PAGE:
Current component-level inventory is underestimated

Various authors have pointed out systematic biases in the component-level inventory process (as used in federal reporting), especially the propensity to miss rare large emitters16,25,26. To estimate the degree to which the current Canadian upstream CH4 inventory is underestimated, we calculated site-level Emission Factors (EFs) from our measurements and applied them to all non-oilsands producing sites in Alberta. Site-level EFs are different than component-level EFs in that they represent an average of aggregate emissions for an oil/gas site (multiple pieces of infrastructure), whereas component-level EFs are average emissions for specific leaking components (e.g. valves, hatches).

To capture the variability in emissions across sites and regions, site-level EFs were calculated for every unique combination of site type and region (Methods Sect. 2.1). Then, we used a Monte Carlo analysis to estimate a total inventory for Alberta (Methods Sect. 2.2). Alberta was chosen for this exercise because the vast majority of our measurements were collected in this province, and because it represents 80% and 67% of total Canadian oil and gas production, respectively27.

Our measurement-based inventory indicates that the non-oilsands upstream oil and gas sector in Alberta emitted 5,074,449 m3 CH4/day in 2018 (2.5 percentile = 3,741,309 m3/day; 97.5 percentile = 7,453,798 m3/day), which is about 1.5 times the most recent component-level inventory of 3,408,534 m3 CH4/day, derived by Environment and Climate Change Canada for Alberta in 20184. Our findings are consistent with previous CH4 emission studies within Canadian developments; no studies have yet identified a Canadian oil and gas producing region with emissions lower than the inventory estimate. In previous studies, factors of 1–15 have been estimated, with most being in the range of 1.5–3.09,10,11,14,15. This implies that CH4 abatement costs could be lower per ton of CO2 equivalent than previously reported, due to higher volumes of CH4 (i.e. profitable natural gas) present at oil and gas sites28.

Emission intensities vary substantially

Emissions intensities for each region were calculated based on measured emission rates and reported production volumes for sampled infrastructure (Methods Sect. 3.1). Emission intensities are expressed using two ratios: (1) Average megajoule emitted per megajoule produced (MJ/MJ) (Fig. 2); and (2) grams of CO2 equivalent emitted per megajoule produced (gCO2e/MJ) (Fig. 2). All emission and production values used in this analysis can be found in Table S4. The average production volumes used in this calculation were from the same month in which the measurements were acquired. For this reason, intensities were calculated individually for each campaign, and then averaged for regions sampled on more than one occasion (Lloydminster and Peace River). Also, it is important to note that our emissions intensity calculations do not include all life-cycle (“well-to-wheel”) emissions from these hydrocarbon sources, but focuses on those emitting directly during upstream production (i.e. scope 1 emissions).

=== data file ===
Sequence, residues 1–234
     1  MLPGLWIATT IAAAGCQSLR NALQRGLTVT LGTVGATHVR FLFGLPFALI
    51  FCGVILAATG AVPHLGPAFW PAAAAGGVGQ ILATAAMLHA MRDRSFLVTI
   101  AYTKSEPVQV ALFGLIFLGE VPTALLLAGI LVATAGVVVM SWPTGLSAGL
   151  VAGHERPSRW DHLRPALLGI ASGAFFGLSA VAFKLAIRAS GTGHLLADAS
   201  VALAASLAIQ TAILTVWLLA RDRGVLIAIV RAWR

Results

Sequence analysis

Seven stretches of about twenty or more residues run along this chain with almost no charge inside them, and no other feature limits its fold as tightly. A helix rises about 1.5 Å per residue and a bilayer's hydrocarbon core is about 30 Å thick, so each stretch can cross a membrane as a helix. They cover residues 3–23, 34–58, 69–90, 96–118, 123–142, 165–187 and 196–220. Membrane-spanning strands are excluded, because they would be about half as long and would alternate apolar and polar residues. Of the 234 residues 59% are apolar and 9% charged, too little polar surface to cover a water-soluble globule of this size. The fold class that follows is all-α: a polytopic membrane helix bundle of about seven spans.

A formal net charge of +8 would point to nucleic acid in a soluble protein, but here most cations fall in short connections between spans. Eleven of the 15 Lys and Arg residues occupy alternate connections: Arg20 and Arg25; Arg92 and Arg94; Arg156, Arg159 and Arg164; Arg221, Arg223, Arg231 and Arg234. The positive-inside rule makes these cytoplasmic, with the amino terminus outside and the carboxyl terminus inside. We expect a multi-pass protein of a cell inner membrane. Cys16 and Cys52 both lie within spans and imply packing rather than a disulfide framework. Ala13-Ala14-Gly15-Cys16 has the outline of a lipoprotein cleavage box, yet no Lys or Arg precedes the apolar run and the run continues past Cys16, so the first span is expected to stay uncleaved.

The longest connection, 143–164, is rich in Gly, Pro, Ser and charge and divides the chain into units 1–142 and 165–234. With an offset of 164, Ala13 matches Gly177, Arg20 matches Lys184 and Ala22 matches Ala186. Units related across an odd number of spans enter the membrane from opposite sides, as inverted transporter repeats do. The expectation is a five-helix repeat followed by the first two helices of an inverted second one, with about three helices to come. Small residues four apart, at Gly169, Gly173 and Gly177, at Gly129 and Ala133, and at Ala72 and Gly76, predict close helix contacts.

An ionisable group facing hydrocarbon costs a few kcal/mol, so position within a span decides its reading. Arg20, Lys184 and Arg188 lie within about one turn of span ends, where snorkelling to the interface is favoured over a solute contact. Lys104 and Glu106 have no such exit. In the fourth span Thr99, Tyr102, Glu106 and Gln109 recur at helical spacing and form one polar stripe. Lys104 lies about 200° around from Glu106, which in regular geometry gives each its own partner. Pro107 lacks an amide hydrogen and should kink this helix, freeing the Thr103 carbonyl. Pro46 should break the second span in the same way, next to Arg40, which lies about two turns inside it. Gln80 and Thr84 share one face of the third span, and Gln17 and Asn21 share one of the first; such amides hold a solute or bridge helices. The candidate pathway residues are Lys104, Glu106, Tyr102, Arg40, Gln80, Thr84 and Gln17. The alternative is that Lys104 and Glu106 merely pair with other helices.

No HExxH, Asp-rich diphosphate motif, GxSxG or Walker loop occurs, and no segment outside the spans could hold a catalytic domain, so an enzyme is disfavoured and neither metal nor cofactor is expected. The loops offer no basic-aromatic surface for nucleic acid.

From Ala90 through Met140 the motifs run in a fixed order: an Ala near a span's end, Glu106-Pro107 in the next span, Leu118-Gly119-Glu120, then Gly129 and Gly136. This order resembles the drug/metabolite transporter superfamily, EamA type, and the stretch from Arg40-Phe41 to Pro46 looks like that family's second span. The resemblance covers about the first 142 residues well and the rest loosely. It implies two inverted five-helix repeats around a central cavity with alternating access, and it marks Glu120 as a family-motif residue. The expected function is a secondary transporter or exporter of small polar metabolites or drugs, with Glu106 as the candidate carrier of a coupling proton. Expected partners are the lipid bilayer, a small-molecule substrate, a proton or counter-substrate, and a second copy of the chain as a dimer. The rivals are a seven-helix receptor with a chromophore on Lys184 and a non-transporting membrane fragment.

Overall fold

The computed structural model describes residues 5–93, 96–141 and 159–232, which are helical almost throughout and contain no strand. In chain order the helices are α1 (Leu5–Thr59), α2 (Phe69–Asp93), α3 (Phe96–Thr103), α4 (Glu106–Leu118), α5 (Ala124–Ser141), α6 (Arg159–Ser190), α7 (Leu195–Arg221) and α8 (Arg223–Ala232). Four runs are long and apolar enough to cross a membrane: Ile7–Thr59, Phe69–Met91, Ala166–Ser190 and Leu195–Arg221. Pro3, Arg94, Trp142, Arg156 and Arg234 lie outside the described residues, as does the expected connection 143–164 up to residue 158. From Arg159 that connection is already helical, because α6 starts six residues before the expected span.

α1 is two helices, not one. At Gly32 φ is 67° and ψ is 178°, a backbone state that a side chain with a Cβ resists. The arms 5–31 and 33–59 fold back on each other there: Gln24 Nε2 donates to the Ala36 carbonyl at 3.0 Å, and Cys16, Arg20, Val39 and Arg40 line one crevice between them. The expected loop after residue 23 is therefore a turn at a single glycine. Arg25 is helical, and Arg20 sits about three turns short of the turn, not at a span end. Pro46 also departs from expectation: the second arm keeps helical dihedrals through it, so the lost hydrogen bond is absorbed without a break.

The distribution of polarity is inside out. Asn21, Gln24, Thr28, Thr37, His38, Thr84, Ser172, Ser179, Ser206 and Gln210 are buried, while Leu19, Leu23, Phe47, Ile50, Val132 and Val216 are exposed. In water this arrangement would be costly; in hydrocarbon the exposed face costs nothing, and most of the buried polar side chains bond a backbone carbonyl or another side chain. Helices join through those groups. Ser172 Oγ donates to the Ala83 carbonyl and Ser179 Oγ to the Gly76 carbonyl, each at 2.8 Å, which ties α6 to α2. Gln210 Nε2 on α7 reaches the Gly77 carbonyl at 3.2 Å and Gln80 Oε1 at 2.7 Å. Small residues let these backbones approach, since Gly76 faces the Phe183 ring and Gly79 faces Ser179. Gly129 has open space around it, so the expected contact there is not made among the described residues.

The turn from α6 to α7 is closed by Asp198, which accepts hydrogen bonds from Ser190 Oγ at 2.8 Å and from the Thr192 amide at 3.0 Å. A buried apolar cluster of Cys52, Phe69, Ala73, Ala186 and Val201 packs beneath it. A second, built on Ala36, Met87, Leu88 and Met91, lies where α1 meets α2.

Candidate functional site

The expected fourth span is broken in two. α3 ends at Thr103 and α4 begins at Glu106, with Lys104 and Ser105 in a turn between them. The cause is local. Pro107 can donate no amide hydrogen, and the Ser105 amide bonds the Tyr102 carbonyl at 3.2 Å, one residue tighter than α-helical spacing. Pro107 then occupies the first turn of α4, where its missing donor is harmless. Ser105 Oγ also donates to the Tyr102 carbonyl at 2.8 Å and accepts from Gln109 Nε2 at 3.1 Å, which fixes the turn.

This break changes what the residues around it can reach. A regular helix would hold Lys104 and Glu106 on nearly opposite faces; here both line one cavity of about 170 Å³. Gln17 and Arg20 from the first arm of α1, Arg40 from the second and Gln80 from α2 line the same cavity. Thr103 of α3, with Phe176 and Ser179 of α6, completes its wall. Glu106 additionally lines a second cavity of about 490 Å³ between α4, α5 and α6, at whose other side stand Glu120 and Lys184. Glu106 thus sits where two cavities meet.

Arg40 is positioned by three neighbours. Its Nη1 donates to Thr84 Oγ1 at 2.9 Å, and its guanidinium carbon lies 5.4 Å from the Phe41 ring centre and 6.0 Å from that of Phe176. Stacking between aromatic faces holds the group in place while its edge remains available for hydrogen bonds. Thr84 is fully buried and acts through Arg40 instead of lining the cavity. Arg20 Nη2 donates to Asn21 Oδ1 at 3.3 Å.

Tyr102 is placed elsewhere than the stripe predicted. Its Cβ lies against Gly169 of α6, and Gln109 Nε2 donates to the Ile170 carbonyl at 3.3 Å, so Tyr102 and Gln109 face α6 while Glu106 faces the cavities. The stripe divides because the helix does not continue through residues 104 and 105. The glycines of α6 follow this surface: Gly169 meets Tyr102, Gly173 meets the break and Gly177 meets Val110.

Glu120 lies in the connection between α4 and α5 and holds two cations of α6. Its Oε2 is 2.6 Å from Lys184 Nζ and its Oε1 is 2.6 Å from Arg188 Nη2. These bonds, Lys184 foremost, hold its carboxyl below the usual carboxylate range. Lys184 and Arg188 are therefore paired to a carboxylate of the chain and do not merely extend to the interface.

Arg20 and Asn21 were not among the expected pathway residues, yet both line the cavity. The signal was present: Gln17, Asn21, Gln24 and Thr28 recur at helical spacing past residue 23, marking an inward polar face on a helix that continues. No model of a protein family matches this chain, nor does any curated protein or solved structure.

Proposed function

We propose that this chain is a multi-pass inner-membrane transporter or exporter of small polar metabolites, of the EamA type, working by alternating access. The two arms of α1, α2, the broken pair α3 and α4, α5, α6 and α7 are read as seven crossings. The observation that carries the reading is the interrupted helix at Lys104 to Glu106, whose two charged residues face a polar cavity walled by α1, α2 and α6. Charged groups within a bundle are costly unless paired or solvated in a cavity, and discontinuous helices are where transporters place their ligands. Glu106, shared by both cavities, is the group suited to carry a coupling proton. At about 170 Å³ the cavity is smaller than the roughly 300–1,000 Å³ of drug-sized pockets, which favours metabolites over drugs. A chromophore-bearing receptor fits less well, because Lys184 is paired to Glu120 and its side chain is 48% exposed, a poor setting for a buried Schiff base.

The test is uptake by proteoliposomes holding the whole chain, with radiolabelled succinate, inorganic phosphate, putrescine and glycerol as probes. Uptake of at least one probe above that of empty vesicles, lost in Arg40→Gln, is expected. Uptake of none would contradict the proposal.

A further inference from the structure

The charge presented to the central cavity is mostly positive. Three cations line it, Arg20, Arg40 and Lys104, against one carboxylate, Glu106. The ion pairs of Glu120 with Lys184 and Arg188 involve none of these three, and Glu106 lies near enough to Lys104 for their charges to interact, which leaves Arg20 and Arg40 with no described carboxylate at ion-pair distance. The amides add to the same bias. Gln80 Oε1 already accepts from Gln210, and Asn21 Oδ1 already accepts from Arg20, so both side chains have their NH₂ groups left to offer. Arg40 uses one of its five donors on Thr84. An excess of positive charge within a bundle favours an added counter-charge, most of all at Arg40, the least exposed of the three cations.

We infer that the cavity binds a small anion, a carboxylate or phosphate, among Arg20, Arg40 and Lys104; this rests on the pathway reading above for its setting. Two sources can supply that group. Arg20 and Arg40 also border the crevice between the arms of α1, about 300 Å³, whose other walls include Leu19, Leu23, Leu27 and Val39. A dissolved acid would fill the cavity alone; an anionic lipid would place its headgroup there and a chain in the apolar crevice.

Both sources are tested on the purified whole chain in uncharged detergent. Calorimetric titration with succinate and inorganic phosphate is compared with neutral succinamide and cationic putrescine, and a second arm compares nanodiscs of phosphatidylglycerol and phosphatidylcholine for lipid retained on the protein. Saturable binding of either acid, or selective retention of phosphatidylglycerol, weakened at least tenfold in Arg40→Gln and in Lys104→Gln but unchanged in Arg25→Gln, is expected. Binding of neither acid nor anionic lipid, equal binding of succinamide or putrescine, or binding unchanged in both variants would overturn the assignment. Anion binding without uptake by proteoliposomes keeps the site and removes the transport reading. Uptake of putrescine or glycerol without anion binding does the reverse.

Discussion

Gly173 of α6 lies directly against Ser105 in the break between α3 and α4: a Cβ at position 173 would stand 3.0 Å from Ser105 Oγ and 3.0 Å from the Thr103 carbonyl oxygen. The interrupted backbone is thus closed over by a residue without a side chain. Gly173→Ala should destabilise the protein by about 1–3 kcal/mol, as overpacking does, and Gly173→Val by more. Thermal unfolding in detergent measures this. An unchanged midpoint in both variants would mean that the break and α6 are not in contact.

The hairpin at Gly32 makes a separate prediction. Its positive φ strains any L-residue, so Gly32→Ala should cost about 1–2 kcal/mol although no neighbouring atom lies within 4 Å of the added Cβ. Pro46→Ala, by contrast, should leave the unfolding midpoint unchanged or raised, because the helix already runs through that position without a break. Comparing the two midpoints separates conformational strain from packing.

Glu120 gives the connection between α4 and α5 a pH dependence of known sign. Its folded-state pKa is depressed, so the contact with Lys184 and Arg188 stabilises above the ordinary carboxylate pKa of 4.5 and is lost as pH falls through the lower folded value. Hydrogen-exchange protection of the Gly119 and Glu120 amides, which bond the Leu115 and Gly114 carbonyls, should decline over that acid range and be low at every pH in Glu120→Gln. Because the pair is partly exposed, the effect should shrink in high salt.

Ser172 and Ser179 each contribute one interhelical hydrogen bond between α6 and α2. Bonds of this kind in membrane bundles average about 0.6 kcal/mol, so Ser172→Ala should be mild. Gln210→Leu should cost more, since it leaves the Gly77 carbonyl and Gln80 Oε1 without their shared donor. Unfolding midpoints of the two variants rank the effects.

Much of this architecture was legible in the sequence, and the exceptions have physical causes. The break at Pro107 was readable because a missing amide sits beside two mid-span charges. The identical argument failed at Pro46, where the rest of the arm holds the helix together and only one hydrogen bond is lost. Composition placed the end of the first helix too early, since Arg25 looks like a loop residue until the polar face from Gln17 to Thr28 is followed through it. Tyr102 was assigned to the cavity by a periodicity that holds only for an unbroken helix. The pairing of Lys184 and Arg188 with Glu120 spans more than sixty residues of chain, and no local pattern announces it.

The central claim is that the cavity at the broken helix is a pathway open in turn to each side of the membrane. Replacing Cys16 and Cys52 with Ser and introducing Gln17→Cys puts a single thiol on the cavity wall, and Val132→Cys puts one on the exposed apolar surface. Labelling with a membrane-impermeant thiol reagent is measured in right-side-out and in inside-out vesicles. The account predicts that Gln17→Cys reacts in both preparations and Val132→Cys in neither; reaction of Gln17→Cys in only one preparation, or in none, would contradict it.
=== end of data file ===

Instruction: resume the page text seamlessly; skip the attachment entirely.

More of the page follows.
Figure 2
figure 2

Emission intensities for each region included in this study (horizontal grey bars). The top axis shows intensities as a function of megajoule emitted per megajoule produced (MJ/MJ), and the bottom axis displays intensities as a function of grams of CO2 equivalent emitted per megajoule produced (gCO2e/MJ). Emission intensity uncertainty ranges are represented via the black error bars, which includes uncertainty from both emission rate and production values. The solid grey vertical line is the overall average from this study, the solid vertical red line is the global lifecycle (well-to-refinery, including all greenhouse gases) average reported in Masnadi et al. (2018)30, the dotted blue line shows their estimate for Canada (based on data from 84 oil fields), and the blue thick dashed line is their global average intensity for CH4 only30.

Average emissions intensities across regions vary significantly, ranging from 0.0004 ± 0.0003 (Peace River) to 0.0706 ± 0.0479 (Lloydminster) (Fig. 2, Table S3). In Fig. 2 we can see that Lloydminster heavy oil ranks highest in intensity, with roughly 7% of the energy produced being lost via fugitives and vents. This finding was somewhat expected, given the high average emission rates in this region (Table S4). Interestingly, however, our analysis also found that Medicine Hat ranked second highest in intensity (0.0243 ± 0.0165), despite having a relatively low average emission rate per site (Table S4). We see high intensities in Medicine Hat because production rates in this region are so low (Table S4). Although Medicine Hat has the highest density of wells in Alberta (Table S2), the region only accounts for a small portion (~ 7%) of the province’s gas production12. Such findings are important, because aggregate production, transmission, and distribution leaks here (and potentially in other old and low-producing developments) could conceivably approach overall leak rates of 3.2%—where natural gas is estimated to approach the climate warming impact of coal29. If so, these developments could become increasingly exposed to market or investment barriers, as investors and consumers move towards fuels with less embodied carbon.